Opinion: Selling Coffee in Austin Should Not Require a Law Degree

Starting a business requires passion and determination, but in Austin, entrepreneurs often face significant challenges due to the city’s lack of a master checklist for navigating city regulations. The city scatters regulatory mandates across multiple websites from various agencies, making it difficult for entrepreneurs to navigate the process.

Cities Work, a nonpartisan consulting initiative from the Institute for Justice, quantifies the pain of starting a restaurant business in Austin. A sample of 20 cities shows that aspiring restaurant owners must fill out as many as 22 forms, interact with as many as 14 agencies, complete 17 in-person activities, and pay as many as 20 fees totaling as much as $22,648. This regulatory burden is too high for entrepreneurs to navigate.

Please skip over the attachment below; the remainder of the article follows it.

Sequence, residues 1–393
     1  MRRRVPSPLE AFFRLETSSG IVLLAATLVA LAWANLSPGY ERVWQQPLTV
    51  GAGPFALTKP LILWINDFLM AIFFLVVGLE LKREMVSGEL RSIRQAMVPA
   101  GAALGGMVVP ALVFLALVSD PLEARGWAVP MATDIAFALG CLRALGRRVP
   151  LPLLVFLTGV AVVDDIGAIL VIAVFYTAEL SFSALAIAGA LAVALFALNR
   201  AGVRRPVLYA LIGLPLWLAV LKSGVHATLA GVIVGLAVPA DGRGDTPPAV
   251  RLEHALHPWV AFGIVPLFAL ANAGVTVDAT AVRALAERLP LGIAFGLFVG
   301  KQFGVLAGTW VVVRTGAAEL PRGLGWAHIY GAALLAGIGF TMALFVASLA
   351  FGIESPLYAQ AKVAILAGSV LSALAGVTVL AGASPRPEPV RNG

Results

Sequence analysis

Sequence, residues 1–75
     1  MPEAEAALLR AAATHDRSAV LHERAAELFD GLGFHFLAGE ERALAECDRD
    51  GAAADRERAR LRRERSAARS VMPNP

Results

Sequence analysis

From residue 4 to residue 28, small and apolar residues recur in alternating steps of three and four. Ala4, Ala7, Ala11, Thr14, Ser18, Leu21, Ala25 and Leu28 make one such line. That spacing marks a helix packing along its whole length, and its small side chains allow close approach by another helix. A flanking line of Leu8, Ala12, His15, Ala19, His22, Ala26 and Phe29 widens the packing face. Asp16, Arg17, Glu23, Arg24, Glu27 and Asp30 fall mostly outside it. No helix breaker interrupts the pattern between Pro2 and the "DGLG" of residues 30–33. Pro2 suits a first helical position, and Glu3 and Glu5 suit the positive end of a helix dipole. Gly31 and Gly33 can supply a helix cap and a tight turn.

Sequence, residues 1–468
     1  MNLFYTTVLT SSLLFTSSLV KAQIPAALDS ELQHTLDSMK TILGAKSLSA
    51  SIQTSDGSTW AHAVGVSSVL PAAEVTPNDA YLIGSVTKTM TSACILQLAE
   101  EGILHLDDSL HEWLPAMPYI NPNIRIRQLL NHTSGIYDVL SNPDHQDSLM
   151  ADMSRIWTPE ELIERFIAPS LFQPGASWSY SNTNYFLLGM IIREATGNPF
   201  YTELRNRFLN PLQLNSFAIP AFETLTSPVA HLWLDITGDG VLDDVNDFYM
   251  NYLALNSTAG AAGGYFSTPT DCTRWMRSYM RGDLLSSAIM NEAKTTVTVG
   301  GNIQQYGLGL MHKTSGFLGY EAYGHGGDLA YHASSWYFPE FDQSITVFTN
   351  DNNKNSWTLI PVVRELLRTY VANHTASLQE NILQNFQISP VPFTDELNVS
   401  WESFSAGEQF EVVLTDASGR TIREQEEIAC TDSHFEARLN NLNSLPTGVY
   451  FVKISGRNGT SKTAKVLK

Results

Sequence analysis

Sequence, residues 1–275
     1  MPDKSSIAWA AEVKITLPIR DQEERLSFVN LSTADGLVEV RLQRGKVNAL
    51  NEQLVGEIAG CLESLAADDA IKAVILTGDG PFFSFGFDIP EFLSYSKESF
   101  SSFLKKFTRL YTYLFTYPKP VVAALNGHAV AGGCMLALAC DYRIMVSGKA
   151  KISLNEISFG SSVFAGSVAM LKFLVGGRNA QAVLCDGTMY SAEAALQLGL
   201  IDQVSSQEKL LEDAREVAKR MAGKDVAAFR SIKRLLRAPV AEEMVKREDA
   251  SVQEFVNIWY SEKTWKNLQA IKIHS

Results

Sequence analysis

The Cities Work initiative looks at the startup process for other business types and finds similar results across the board. Launching an enterprise is complex, time-consuming, and expensive regardless of the industry or location.

Austin can promote entrepreneurship by getting out of the way and letting people innovate. If regulations are necessary for public health and safety, the city can ease the burden by putting information online in one centralized portal with step-by-step guides for each business type.

Small businesses drive the economy, and Austin should do everything it can to help them. Creating unnecessary barriers to market entry does the opposite. Launching a venture should not require a law degree.

Read More @ Austin American-Statesman

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